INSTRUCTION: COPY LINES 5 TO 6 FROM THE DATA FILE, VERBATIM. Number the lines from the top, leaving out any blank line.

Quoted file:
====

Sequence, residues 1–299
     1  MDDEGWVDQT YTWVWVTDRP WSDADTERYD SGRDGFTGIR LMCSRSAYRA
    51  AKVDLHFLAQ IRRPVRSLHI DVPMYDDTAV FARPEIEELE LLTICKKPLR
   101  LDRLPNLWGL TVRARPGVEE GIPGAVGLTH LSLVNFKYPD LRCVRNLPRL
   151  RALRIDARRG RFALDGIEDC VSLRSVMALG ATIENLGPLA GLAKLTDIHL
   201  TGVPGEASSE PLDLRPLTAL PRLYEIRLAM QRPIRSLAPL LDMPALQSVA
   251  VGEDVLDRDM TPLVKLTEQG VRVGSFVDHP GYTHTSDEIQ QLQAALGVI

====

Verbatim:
   151  RALRIDARRG RFALDGIEDC VSLRSVMALG ATIENLGPLA GLAKLTDIHL
   201  TGVPGEASSE PLDLRPLTAL PRLYEIRLAM QRPIRSLAPL LDMPALQSVA